Tag Archives: streets of San Miguel

I left my heart in San Miguel

If home is where the heart is, then I have two homes. One of which I’ve never lived in. But it was my mom’s home for 25 years. And wherever my mom lived, my heart was there with her. The last time I was in San Miguel de Allende, Mexico, was with my brother and sister to say goodbye to our mom forever and, as I discovered later, to leave my heart there with her.

A full year after my mom’s death, my mind wanders back to San Miguel. The pull is strong, but not nearly as strong as Italy, and it’s for different reasons. Italy is our home. We chose to live here. Ever since the lure of Italy wrapped itself around my husband and me, we’ve never doubted that we did the right thing by moving here.

Still, San Miguel calls to me through my mom. I know I could never live there, beautiful as it is. It’s too noisy, too congested, and too full of wealthy Americans who have replaced the charming, small houses with mansions and large hotels that don’t fit in with the local ambience. Luckily, one can still find the untouched streets that are the heart and soul of San Miguel.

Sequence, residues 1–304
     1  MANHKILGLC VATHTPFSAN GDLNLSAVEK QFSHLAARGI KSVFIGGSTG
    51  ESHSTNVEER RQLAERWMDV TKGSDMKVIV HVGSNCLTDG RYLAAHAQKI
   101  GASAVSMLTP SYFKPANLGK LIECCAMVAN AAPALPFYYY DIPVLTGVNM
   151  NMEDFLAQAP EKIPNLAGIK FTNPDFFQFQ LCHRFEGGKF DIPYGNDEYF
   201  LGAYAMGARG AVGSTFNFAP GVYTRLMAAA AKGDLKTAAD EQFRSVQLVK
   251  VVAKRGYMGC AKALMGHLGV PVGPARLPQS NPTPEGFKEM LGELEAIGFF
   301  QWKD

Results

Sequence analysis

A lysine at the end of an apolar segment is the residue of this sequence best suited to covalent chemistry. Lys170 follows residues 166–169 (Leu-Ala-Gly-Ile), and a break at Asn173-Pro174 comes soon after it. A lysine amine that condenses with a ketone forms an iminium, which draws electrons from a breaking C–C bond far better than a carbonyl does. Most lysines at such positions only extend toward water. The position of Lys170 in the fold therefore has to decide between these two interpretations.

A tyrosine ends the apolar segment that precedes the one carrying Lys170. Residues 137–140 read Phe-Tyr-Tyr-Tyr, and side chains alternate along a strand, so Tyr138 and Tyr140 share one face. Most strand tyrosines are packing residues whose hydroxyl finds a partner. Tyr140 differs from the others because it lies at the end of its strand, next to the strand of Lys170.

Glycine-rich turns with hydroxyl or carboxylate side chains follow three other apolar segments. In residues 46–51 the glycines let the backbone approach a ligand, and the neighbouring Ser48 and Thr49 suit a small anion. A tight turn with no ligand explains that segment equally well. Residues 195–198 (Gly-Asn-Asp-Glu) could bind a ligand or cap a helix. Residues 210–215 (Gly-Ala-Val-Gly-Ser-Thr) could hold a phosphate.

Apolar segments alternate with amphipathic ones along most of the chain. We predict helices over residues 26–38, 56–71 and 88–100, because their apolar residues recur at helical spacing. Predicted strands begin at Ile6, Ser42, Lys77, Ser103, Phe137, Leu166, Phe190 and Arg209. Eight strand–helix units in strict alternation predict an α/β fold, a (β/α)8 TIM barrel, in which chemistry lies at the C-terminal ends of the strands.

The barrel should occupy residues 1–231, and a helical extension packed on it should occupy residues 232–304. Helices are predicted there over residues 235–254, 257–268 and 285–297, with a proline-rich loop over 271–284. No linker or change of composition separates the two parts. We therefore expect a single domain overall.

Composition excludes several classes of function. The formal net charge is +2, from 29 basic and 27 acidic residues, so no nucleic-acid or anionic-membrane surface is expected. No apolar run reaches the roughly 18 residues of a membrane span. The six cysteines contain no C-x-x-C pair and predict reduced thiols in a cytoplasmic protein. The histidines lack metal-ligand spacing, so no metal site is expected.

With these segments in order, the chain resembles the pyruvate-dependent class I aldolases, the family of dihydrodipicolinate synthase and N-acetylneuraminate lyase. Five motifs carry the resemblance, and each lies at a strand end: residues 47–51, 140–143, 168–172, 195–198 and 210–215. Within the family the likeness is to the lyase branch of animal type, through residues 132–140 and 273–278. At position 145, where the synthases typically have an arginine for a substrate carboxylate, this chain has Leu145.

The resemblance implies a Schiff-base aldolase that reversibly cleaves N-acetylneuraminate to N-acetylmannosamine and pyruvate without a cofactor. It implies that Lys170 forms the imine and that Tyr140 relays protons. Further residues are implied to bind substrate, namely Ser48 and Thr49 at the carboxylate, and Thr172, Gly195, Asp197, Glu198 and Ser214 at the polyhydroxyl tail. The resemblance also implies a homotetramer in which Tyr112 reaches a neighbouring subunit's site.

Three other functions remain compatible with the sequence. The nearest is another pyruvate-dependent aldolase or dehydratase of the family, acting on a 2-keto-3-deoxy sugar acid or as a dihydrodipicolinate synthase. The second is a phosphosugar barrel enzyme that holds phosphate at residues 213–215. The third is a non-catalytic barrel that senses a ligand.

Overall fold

When my mind wanders back, I feel the cobblestoned streets under my feet, I smell the cooking tortillas through open windows, I sweat under the intense sun and heat and stop to catch my breath as I walk up the steep hills at 7,000 feet. I hear babies crying, Spanish, endure the endless stream of pick-up trucks, I choke on the exhaust. The names of streets roll off my tongue: Tenerias, Pila Seca, Umaran, Zacateros, Calle de Aldama, Sollano. I sit in the Jardin and gaze at La Parroquia, or watch one of the parades that seem to dance through the historic center every day.

Then I walk away from the congested center and discover the quiet San Miguel with its small gems of painted doors surrounded by climbing bougainvillea.

I sit on the terrace of my room at the colorful B&B that’s owned by my mom’s best friend and remember how this “second family” of my mom’s became mine as well.

And amidst the pick-up trucks and taxis are the burros that still populate the streets.

All of these memories tumble through my mind, pulling me back to San Miguel. But the dearest memory I hold is sitting with my mom in the cool shade of her patio, watching her beautiful hands as she recounts stories of her beloved San Miguel–the place I left my heart.


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